HealthSheets™


Treatment for Aspiration from Dysphagia

Aspiration is when something enters your airway or lungs by accident. It may be food, liquid, or some other material. This can cause serious health problems, such as pneumonia. Aspiration can happen when you have trouble swallowing normally. This is known as dysphagia.

Types of treatment

Your healthcare provider will try to treat the cause of your dysphagia. The type of treatment will depend on what caused your dysphagia. This may include using medicines. In some cases, surgery may be able to treat the cause of dysphagia. You might also be referred to a speech or swallowing specialist. 

You may also need to manage the symptoms of dysphagia. This may include doing things such as:

  • Changing your diet. You may need to make liquids thicker or not have liquids.

  • Changing your position while eating. For example, you may need to eat sitting upright, tilt your head back, or bend your head forward.

  • Not eating in bed

  • Eating smaller bites of food

  • Eating with someone watching you

  • Not talking while eating

  • Not being distracted during meals

  • Eating when you are most alert

  • Using tools such as straws

  • Doing exercises to strengthen your lips and tongue

  • Using special swallowing techniques

As you recover, you may need to use fewer of these methods. Dysphagia after a stroke may improve greatly over time.

You may still be at high risk for aspiration even with these methods. If this is the case, you may need to use a feeding tube for a period of time to prevent aspiration.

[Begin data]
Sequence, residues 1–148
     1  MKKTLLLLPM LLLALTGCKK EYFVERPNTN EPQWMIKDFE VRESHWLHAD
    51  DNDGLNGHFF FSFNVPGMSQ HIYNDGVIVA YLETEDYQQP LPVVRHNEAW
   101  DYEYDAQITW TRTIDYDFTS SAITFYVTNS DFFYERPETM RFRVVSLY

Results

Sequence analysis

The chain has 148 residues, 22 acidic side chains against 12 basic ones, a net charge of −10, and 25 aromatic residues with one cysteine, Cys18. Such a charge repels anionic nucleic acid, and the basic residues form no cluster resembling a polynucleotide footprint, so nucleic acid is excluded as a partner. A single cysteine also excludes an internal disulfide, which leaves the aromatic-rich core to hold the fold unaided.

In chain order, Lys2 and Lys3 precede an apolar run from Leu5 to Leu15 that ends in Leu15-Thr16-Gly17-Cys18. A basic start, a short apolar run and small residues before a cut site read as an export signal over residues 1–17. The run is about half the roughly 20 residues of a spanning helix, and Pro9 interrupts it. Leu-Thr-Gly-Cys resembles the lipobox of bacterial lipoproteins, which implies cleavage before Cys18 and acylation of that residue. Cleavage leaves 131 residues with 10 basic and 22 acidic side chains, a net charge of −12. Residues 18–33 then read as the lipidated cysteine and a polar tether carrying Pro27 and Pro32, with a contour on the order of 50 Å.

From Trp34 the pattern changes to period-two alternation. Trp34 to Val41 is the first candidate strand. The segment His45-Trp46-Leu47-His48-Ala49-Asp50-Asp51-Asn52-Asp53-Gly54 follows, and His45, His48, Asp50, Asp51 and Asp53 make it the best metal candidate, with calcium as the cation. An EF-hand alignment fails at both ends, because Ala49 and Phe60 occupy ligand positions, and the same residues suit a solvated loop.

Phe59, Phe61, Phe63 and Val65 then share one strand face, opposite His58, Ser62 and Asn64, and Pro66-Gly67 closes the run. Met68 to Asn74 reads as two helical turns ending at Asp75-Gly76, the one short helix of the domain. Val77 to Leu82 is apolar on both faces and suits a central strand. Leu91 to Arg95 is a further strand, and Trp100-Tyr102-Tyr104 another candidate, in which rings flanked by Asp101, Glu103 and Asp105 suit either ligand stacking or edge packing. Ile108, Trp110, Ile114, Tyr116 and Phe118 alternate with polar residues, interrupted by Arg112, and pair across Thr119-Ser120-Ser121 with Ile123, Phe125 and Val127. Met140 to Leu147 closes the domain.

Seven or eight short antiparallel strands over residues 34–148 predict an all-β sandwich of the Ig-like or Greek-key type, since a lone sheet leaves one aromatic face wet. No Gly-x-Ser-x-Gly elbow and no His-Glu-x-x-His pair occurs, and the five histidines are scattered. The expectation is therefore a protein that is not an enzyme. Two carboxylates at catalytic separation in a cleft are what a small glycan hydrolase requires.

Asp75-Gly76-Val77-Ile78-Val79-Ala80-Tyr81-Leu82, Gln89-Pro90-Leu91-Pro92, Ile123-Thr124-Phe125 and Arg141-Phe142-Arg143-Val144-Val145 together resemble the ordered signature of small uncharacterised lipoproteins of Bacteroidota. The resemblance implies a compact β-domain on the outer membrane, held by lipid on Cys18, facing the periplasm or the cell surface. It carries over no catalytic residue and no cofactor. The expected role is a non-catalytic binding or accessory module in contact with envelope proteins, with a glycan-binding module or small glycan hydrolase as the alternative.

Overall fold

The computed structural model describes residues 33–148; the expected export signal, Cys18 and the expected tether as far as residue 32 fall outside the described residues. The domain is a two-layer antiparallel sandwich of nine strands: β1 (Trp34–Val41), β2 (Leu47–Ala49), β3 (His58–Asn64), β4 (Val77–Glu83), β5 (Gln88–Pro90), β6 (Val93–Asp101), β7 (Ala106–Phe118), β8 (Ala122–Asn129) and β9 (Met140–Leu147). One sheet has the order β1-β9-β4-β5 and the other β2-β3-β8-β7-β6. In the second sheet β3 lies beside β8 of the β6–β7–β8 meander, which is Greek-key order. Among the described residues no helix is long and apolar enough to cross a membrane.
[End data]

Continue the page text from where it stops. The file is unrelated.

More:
What happens if you don’t get treated?

A major complication of aspiration is harm to the lungs. When food, drink, or stomach contents make their way into your lungs, they can damage the tissues there. The damage can sometimes be severe. Aspiration also increases your risk for pneumonia. This is an infection of the lungs that causes fluid to build up in the lungs. Pneumonia needs to be treated with antibiotics. In some cases, it may cause death.

Other possible complications from dysphagia include:

  • Dehydration

  • Malnutrition

  • Weight loss

  • Increased risk for other illness

These problems can reduce your level of independence. They may also cause or lengthen a stay in the hospital.

Preventing aspiration from dysphagia

You can help prevent aspiration by:

  • Taking good care of your mouth and teeth

  • Getting dental treatment, such as dentures, when needed

  • Taking medicines as advised

  • Stopping smoking

  • Using good posture when eating and drinking

  • Doing oral exercises as advised by the speech-language pathologist

  • Making changes to your diet as advised by the speech-language pathologist

  • Asking your healthcare provider for other advice to prevent aspiration in your case

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